For proud yet struggling DePaul, one last (noble) loss for the road

For proud yet struggling DePaul, one last (noble) loss for the road

Tooba Shakir 54 years ago 0

NEW YORK — It was 11:12 p.m. in Manhattan, and the lights were still on. At least for another 90 seconds. So DePaul had a chance.

But then 90 became 30, which became 10, which was when Villanova’s Justin Moore canned a game-winning three from the wing at Madison Square Garden. The Wildcats needed it to keep their NCAA tournament hopes alive. DePaul had much different stakes. By losing, 58-57, in their Big East tournament opener, the Blue Demons went 0-21 against Big East competition, ending the season without a victory in 2024. Their last win was on Dec. 30. They finished 3-29.

“We’re all devastated,” interim coach Matt Brady said from the podium. Next to him, senior guard Jalen Terry nodded along, eyes fixed on the table. DePaul trailed by two at halftime. With under 13 minutes left, it led by eight. Because winners write history, this will always be a game Villanova escaped, not one the Blue Demons almost stole. But they made something of the thankless act of playing out the string, of showing up because two teams and 10 guys are needed to play.

It was neat. People smiled. It felt more like a non-win than a loss.

And, look, no team should go wholly defeated in its conference. A lot has to go wrong. The school has to take a long, hard look at the program and itself. It also has to find a new coach, whether it’s Porter Moser — a Chicago guy who shut down rumors because he is employed by Oklahoma — or some other masochist. The project won’t be easy. Then again, nothing worth doing is.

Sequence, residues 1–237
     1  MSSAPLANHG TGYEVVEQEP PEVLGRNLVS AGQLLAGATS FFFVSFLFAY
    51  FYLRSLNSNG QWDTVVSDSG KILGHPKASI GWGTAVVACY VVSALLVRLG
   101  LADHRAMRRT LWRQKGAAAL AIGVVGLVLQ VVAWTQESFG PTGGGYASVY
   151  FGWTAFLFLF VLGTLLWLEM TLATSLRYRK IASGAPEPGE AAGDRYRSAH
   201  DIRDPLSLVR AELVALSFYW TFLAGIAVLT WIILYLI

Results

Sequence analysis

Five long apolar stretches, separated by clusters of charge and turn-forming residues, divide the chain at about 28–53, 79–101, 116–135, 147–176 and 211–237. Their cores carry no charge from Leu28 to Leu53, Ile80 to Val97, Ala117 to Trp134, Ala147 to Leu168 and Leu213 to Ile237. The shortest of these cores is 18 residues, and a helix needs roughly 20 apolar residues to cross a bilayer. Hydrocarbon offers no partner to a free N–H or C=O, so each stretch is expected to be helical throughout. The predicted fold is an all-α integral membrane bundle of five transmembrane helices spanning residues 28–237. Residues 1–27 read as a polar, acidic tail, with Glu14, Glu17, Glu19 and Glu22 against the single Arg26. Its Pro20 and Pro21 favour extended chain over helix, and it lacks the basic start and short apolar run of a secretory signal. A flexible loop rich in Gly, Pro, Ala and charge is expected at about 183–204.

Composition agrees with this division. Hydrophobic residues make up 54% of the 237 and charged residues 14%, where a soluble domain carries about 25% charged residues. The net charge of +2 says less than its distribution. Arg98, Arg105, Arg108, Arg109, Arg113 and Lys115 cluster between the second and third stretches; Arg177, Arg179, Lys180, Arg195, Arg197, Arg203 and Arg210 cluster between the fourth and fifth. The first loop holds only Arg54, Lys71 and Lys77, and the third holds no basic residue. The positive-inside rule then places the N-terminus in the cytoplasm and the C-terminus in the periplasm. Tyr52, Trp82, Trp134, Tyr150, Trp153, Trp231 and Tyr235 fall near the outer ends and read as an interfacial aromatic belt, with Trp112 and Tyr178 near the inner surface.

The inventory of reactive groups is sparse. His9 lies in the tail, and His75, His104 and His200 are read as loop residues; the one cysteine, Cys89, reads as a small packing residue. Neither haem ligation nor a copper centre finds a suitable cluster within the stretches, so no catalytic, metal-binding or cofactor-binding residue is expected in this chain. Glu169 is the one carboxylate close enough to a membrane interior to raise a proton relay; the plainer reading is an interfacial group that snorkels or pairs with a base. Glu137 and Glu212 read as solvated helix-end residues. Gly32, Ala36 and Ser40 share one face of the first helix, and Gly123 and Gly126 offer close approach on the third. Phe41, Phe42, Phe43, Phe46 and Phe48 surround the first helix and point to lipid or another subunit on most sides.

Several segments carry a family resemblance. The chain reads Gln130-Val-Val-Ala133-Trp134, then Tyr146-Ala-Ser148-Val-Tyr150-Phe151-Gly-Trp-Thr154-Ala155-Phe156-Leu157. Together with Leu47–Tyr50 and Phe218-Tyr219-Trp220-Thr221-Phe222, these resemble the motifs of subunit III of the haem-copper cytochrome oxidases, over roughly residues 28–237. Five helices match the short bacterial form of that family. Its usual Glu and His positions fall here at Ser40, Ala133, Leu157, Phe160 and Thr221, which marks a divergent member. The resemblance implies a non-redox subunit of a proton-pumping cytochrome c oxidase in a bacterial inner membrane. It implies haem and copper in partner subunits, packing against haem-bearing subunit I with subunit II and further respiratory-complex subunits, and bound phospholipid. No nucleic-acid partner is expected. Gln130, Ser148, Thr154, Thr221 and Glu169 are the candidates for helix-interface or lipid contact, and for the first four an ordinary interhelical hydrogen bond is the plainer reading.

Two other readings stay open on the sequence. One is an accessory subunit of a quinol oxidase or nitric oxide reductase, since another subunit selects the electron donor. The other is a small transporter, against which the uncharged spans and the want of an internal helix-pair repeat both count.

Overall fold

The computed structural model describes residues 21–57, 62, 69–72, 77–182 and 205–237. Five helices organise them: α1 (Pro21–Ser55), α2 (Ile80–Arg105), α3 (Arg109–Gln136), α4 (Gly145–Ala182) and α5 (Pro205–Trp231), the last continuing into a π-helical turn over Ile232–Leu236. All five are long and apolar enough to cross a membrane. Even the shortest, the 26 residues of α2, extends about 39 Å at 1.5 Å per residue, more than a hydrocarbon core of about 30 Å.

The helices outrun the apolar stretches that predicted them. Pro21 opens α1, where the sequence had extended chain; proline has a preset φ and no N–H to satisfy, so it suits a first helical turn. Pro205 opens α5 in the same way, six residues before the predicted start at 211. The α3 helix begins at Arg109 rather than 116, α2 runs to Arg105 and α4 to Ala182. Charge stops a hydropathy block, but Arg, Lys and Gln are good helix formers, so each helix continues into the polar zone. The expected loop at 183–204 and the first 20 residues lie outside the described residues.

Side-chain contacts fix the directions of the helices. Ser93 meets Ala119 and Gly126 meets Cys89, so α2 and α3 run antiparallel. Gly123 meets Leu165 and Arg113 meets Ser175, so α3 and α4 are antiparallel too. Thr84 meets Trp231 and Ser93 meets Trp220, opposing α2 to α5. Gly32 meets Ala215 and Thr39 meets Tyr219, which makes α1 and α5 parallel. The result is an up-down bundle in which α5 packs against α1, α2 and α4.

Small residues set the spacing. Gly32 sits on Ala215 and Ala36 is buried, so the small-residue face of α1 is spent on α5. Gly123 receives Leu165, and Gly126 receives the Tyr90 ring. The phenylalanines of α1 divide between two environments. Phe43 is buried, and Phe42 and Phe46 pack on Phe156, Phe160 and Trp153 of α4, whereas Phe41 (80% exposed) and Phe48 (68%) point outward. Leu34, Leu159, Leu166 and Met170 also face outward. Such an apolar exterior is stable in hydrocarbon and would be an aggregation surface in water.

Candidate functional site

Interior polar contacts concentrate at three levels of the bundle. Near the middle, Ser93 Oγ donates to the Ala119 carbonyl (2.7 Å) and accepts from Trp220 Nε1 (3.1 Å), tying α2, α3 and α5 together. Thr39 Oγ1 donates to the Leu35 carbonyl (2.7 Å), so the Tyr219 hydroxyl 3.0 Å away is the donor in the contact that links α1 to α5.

But in the meantime, Wednesday could be good and fun, no matter the final numbers. Before the game, DePaul’s band was by the tunnel, waiting to walk out. The director warned a rookie of the skinny risers. A saxophone player, horn dangling off his neck, tapped a buddy to his right.

“This will be pretty cool, huh?” he asked. “Pretty freaking cool.”

Which really is the point, at the root of all this, when you strip away everything that convinces us otherwise. The band played at Madison Square Garden, where the dimmed lights make the court look like a Broadway stage. DePaul fell one shot or two free throws short of a bracket-shaking upset. One day, when the weight of 29 losses is a little less smothering, Terry can talk about dropping 18 points to go with 15 rebounds against a much better Villanova team. Jeremiah Oden, a senior forward, can recall hitting two threes off the bench in an NBA arena.

Or howling at the rafters in celebration. Or those minutes when the crowd believed.

“We don’t just win,” a deep voice said over a DePaul promo in the first half. “We build community on and off the court.”

That first part, yeah, it was funny. But building community? That is what Blue Demons technically did this season, from Nov. 7 to the last hour of March 13. They had each other, even if that wasn’t always fun. They had their fans, even if there weren’t many. There were their families and their friends. There was the staff, the band, the cheerleaders, the dance team. There was whoever watched that game in the Blue Demons mascot suit and was still standing by the end.

At one timeout, two dudes raced to make layups, sliding around the court. In the second half, three guys in NBA jerseys chanted “De-fense!” for DePaul, then moved down three rows, giggling. If you believe in the butterfly effect, none of them make those specific memories without DePaul, meaning DePaul tweaked the courses of their lives in some tiny, tiny way.

DePaul. Tweaking the courses of lives (if you believe in the butterfly effect).

“We just came back day after day,” Terry said. “Even if we lost by 35, we just came back.”

Brady had a timeout left after Moore drilled that three. But with a broken floor, he thought Terry could attack a scrambling defense and still call time if needed. Instead, DePaul was rushed, fumbling away its final possession of the year. Villanova exhaled. The Blue Demons stood around the paint. They untucked their shirts, looked at the refs, at each other, nothing left to say or do.

The thing about March is you always have a puncher’s chance until you suddenly don’t. DePaul’s lasted 40 minutes.

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